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August 3, 1999
Dixit, Vohra to gauge mood in the West
Amberish K Diwanji in New Delhi
The ministry of external affairs is playing coy about the visit of former foreign secretary J N Dixit and former home secretary N N Vohra to the United Kingdom and the United States to meet officials.
A ministry of external affairs spokesman said he "supposed Dixit and Vohra's visit is sponsored by the government" as part of its effort to shape India's post-Kargil foreign and defence policy. Vohra was also a former defence secretary and secretary in the prime minister's officer, while Dixit, after his retirement in 1994, has been active in the seminar circuit.
The spokesman said that such efforts complemented and supplemented the government's initiatives as it sought to reach out to the other countries. "It is customary and normal to support the government's diplomatic effort," he said.
He stated that both Dixit and Vohra are well known and respected individuals, known both in India and the West, and both of whom have been active after their retirement a few years ago. "The aim is to use their knowledge and influence to strengthen our regular government-to-government talks," he said.
"The effort is to create a consensus and disseminate the national perspective of India on the various issues facing our country after the Kargil conflict," the MEA spokesman added.
The spokesman pointed out that Dixit and Vohra will be meeting with think tanks and non-governmental organisations, besides government institutions in the UK and the US.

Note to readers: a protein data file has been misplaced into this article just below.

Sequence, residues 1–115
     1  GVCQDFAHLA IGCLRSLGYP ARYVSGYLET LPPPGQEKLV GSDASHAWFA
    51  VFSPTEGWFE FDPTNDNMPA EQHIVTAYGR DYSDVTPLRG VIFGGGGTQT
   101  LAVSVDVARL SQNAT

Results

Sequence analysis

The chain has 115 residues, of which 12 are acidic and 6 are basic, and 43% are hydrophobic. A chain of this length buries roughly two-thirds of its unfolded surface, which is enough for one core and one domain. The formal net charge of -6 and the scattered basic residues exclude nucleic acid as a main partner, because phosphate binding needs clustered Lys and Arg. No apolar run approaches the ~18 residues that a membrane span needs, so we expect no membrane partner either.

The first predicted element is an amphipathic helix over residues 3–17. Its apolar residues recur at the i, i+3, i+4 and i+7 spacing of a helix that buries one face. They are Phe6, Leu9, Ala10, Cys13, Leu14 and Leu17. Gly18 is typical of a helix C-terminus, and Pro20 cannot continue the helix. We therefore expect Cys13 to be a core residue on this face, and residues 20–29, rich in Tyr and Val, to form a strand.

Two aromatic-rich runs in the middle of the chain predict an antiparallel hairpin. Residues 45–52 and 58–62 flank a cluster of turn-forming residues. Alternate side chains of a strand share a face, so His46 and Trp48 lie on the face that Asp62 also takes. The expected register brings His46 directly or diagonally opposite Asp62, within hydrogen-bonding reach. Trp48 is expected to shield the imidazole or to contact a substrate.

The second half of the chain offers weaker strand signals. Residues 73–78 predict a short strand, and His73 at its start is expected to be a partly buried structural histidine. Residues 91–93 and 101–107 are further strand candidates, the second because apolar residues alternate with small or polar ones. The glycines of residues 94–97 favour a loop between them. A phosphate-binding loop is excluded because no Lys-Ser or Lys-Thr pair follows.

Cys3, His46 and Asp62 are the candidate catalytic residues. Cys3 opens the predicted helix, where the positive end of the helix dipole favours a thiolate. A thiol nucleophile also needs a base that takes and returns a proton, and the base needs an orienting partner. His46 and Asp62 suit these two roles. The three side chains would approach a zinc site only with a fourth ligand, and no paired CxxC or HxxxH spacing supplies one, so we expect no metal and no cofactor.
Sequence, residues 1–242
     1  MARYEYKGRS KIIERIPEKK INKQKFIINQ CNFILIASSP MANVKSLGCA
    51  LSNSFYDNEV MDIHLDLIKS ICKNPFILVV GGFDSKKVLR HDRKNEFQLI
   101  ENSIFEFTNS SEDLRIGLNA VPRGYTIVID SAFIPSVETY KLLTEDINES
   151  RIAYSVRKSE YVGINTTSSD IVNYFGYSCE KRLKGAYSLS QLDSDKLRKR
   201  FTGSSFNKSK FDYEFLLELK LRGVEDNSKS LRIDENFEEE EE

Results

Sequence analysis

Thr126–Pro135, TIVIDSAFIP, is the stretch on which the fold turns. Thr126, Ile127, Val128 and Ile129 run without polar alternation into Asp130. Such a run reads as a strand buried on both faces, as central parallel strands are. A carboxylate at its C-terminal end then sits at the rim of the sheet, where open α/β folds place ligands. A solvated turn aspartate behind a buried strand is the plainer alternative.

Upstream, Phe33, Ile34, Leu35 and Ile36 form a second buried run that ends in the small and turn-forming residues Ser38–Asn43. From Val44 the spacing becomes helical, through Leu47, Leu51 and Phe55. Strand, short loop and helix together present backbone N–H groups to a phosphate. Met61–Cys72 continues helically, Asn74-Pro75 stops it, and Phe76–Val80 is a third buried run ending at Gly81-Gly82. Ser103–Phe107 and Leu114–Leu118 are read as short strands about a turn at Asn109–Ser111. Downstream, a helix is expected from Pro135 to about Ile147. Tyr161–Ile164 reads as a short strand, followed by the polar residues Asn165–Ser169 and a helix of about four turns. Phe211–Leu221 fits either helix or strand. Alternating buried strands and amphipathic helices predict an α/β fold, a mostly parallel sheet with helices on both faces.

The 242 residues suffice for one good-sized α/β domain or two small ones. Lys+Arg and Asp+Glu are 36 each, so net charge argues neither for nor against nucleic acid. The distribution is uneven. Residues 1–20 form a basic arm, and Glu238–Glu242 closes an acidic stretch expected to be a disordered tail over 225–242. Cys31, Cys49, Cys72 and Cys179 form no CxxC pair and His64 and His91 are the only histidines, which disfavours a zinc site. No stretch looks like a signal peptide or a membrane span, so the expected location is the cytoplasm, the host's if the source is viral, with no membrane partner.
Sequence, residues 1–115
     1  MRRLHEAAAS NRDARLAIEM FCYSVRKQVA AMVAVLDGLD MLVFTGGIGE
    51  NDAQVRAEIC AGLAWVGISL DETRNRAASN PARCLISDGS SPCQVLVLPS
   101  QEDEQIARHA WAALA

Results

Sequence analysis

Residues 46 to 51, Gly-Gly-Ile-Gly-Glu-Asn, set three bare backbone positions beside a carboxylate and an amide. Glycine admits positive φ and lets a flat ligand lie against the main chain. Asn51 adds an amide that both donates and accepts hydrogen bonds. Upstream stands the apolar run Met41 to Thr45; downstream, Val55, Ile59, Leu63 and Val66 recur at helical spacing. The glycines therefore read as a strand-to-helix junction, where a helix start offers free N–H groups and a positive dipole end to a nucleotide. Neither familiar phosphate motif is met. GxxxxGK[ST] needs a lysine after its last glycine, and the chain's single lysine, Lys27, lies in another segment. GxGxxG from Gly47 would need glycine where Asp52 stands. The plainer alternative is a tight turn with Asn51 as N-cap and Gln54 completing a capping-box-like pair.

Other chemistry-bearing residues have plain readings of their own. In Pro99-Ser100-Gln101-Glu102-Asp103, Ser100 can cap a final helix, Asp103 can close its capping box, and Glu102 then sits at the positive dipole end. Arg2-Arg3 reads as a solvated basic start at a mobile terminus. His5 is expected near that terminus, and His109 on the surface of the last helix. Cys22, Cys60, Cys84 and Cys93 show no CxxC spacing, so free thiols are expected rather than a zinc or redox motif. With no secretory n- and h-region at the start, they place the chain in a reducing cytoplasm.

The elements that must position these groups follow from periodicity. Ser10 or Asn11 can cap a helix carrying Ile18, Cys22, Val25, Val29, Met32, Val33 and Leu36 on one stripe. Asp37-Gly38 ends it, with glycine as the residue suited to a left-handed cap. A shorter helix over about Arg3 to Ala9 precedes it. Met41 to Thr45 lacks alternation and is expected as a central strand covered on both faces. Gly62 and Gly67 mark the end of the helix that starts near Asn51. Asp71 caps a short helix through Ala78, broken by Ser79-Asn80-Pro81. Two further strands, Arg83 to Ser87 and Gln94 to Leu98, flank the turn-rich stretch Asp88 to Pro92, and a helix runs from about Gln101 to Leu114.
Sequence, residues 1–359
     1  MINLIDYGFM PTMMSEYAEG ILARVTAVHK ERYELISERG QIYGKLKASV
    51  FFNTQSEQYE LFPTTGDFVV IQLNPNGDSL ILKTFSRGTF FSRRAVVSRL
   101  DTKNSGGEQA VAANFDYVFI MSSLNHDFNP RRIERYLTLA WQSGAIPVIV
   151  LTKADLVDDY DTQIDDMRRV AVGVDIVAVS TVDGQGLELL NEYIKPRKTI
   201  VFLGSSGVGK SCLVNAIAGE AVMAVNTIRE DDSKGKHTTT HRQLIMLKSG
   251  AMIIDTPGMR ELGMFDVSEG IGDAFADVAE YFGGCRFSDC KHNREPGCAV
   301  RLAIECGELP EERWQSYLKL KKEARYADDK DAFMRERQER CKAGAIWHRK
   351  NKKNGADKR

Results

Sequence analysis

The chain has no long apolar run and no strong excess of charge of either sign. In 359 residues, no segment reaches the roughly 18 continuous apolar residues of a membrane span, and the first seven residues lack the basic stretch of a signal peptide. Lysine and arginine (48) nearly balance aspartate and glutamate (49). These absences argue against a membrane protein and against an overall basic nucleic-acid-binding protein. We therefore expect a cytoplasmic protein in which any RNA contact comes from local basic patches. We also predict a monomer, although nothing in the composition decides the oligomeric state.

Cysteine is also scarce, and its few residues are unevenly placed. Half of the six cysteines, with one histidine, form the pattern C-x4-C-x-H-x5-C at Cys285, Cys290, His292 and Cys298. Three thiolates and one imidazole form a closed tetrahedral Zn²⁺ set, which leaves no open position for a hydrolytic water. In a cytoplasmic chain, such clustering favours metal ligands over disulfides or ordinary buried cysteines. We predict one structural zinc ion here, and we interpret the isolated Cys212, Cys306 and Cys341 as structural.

Dixit and Vohra are scheduled to meet US Undersecretary of State Thomas Pickering besides other officials. Their mission is also to find out the attitude and perceptions of the US administration and non-government organisations towards India.
In London, Dixit and Vohra spoke at the influential International Institute of Strategic Studies, and met officials at the British Foreign and Commonwealth Office.
Incidentally, Dixit and Vohra will be reporting on their mission to Prime Minister Atal Bihari Vajpayee and not to the ministry of external affairs.
New Delhi is looking at three areas: the dialogue on Kashmir, India-Pakistan relations, and the nuclear arms-related treaties. These are the Comprehensive Test Ban Treaty, the Fissile Material Cutoff Treaty, and the Missile Proliferation Control Treaty.
However, a former senior MEA official was sceptical about the usefulness of Dixit-Vohra's visit to London and Washington DC.
The former official said that if the government's aim was to influence the US policy, it was unlikely to be successful. "With due regard and respect for both Dixit and Vohra, who are fine and intelligent men, it is doubtful if one can influence the US policy. We can give them our point of view, but the US response is based on its own interests," he pointed out.
Second, the former official pointed out, given that India is due for elections next month, the US was unlikely to make any firm commitments to the present government. "After all, Dixit and Vohra are part of an informal arrangement, and only after the election results are out will the formal part make sense. Right now, the US is unlikely to make any decision or commitment," he added.
Nevertheless, the former official said that Dixit-Vohra's visit did serve one major purpose, that of a sounding board. "The positive aspect is that they can get to know the perceptions of US officials and influential think tanks and NGOs vis-à-vis India in the aftermath of Kargil. And both Dixit and Vohra are regarded well to hear and find out how the US perceives India today," he stated.
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